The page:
Sun Devils leading in the recruitment of five-star safety Jacoby Mathews
When five-star safety Jacoby Mathews released his top six schools last Tuesday, the outcast wasn’t tough to spot. There was LSU, Florida, USC, Texas, Clemson, and… ASU. Five schools that have won national championships in the last two decades … and the Sun Devils.
The maroon and gold addition has proved to be anything but an oddity.
Speaking with Devils Digest on Wednesday, Mathews admitted that Arizona State is his top suitor.
“My attention is just really drawn on ASU,” Mathews said.
If Mathews were to commit to the Sun Devils, it would be the highest-rated Tempe haul since former ASU linebacker Vontaze Burfict, who ranked the ninth-best player of the country in 2009 ASU. Mathews is listed as the 11-highest rated player in the class of 2022, as well as the top safety and player from Louisiana in his class.
The 6-foot-2, 195-pound safety naturally has 17 offers from all the powerhouses of college football. Nonetheless, Arizona State offers something many in the sport can’t.
“A big thing that plays a factor with the coaching staff is that it’s a (predominantly)-black coaching staff,” Matthews said. “I know with my dad being a black male; he has me being passed off to another black father figure. So it’s lighter on his hands, thinking about me leaving and going that far across the world. I feel like if I go there, I have a bright future ahead of me.
“I just feel like I could handle it better looking up to them. I just feel like any coach I look up to, I look up to them as a father, so I feel like looking up to a black father like I already have would be way better. (Especially) knowing that a black father has gone through things that I’ve gone through or will probably go through.”
In the past, recruits and ASU players alike haven’t been shy of their fondness that Arizona State employs African-Americans on its coaching staff in abundance rarely seen in college football. There’s head coach Herm Edwards, defensive coordinator Antonio Pierce, wide receivers coach Prentice Gill, linebackers coach Chris Claiborne, and defensive backs coach Chris Hawkins.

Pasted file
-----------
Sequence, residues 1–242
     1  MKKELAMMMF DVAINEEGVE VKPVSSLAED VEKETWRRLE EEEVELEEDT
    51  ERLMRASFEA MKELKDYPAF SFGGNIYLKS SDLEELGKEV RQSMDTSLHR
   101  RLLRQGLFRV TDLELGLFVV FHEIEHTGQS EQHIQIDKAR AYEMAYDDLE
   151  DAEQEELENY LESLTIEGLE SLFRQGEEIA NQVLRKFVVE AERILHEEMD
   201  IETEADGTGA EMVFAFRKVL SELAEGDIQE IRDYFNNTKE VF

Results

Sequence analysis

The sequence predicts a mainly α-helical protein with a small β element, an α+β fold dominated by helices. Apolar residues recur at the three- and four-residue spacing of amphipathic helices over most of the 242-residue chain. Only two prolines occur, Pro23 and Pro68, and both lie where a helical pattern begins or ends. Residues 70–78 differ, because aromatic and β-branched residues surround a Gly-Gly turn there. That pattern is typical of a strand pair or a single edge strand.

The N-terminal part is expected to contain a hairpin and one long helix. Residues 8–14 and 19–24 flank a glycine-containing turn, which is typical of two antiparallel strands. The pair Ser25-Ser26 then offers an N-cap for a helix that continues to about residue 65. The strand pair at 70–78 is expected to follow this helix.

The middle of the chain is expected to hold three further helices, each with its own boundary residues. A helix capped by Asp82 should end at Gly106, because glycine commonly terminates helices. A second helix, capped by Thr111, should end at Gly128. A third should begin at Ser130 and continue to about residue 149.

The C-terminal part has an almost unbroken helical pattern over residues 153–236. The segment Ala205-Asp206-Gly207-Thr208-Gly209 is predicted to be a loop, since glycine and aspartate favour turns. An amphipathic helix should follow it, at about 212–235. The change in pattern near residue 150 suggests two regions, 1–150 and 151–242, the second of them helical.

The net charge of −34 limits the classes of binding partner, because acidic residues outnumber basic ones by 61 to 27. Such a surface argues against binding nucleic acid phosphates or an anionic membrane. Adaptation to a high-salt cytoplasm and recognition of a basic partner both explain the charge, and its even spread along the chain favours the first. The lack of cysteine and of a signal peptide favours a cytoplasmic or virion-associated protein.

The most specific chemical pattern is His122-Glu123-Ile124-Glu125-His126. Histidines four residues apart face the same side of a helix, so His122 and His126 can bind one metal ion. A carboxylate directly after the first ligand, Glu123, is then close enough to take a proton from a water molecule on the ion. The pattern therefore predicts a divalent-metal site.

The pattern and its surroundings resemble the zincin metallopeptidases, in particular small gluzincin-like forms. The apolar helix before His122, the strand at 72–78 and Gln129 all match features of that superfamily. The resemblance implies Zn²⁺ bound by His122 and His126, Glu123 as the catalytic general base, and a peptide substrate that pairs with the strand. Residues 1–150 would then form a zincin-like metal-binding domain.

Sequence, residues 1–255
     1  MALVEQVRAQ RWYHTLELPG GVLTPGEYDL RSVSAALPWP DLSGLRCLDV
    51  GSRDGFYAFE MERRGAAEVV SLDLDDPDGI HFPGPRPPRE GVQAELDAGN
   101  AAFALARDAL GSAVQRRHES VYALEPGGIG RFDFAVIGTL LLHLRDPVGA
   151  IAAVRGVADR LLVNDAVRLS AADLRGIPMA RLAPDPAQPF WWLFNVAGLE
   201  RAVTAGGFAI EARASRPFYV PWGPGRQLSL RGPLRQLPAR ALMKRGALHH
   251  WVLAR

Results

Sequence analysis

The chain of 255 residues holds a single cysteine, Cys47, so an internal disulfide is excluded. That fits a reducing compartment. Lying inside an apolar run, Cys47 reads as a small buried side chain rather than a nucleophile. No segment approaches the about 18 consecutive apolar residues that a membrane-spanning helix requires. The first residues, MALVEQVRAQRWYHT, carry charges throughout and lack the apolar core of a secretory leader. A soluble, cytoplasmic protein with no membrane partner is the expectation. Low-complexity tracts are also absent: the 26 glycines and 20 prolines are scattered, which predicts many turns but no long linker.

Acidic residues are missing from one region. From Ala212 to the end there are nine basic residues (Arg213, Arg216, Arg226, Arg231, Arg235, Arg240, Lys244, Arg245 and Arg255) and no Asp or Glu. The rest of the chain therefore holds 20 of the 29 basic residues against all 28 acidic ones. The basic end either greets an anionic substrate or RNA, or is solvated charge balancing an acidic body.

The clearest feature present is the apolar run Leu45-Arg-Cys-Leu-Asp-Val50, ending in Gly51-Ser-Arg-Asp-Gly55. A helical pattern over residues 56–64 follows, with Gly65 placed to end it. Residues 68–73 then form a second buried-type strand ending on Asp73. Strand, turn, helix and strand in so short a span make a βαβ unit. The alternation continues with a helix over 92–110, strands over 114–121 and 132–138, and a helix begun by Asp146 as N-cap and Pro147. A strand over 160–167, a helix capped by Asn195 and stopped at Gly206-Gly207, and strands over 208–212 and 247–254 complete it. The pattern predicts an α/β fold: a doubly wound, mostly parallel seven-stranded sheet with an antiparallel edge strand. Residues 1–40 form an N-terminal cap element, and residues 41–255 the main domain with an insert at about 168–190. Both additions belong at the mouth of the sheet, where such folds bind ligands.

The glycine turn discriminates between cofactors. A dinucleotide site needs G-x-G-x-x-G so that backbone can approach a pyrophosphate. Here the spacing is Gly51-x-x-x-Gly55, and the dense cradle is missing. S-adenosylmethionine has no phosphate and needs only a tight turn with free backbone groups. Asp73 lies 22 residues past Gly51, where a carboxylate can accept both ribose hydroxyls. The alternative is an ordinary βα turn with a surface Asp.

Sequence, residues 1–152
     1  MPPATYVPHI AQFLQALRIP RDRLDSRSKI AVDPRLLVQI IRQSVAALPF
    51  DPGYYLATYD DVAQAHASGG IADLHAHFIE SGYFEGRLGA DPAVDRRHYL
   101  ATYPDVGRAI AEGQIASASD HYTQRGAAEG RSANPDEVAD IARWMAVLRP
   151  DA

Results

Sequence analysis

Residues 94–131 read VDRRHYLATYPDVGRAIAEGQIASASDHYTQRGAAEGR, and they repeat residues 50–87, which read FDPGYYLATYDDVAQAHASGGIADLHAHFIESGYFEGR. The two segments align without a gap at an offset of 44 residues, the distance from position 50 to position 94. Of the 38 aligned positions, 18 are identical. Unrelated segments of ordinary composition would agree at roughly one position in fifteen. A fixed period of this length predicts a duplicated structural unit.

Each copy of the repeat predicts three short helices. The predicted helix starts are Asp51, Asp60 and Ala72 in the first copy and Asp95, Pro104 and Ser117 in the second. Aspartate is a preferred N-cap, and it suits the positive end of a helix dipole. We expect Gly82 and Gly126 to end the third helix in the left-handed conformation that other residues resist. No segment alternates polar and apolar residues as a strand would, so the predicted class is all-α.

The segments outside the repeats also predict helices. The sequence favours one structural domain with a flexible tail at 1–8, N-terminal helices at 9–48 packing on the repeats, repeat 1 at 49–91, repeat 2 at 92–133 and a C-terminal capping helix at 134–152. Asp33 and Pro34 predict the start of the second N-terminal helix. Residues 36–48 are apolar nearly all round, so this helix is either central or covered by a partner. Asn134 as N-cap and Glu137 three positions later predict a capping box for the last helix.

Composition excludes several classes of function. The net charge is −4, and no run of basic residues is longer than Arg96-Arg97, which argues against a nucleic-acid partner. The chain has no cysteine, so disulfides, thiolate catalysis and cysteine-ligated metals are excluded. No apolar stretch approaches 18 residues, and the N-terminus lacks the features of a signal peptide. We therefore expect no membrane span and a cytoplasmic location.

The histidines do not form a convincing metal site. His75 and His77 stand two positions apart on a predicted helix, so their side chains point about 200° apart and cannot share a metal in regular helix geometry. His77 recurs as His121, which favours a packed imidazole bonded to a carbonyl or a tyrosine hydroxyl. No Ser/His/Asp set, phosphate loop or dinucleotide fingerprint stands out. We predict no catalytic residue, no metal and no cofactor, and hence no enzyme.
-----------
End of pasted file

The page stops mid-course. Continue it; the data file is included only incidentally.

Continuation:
It’s been Hawkins, though, who has acted as Mathews’ main recruiter and developed the tightest bond so far.
“It’s like a big brother-little brother. Me and him talk almost every day,” Mathews said of Hawkins. “There’s like no conversations about football after like the first three. We just get on the phone, chop it up about how each other’s day is going, make some jokes. It’s really cool talking with coach Chris.
“We have a lot in common … (Younger coaches like him) know how, like, kids today think more than old heads. I can click better with a younger coach than an older coach because I know he’s still going through some phases I’m going through. And he’ll have more traits that I have.”
The big difference between Hawkins and Mathews is that the former grew up in Southern California while the latter is spending his early years in Louisiana. For ASU, though, it’s fortunate that geography doesn’t mean much to Mathews.
“It’s not really a big deal. I know my family is proud of me wherever I go,” Mathews said. “I know I’ll have my time to see my family when I get the chance -- so I’ll just use those chances. But, other than that, I’m focused on one goal: getting to the league.”
That’s music to the ears of ASU’s coaches. The Sun Devils’ recruiting pitch significantly revolves around the premise that no other school is better equipped to help players get to the NFL.
With Edwards and Pierce and the program's ‘Pro Model,’ Mathews is confident that if he picked ASU, the Sun Devil coaching staff could help him fulfill his dream.
“I just have to display my work, and I know they have all the connections I need to get to the next level,” he said. “I just have to do my work, my part.”
And what does his work look like? What makes him so special on the field?
“I’d say probably my size and physicality and how versatile I am,” Mathews said. “I’ll play safety in college but more like a down-three safety position. So if (a team needed) I would go play corner or go play nickel down in the box sometimes.”
There are other reasons to think Mathews may choose ASU. He said he loves talking with Herm Edwards. While other schools have also told him he could probably start as a freshman, ASU has shown a willingness to start first-year players. And Mathews said he would be looking for schools with a great mass communication program to help him become a sportscaster after his playing career concludes. With ASU’s prestigious Cronkite School, the Sun Devils check that box, too.
So for now, it’s a waiting game -- and it may be a while.
“I don’t know, really (when I want to commit), Mathews said.
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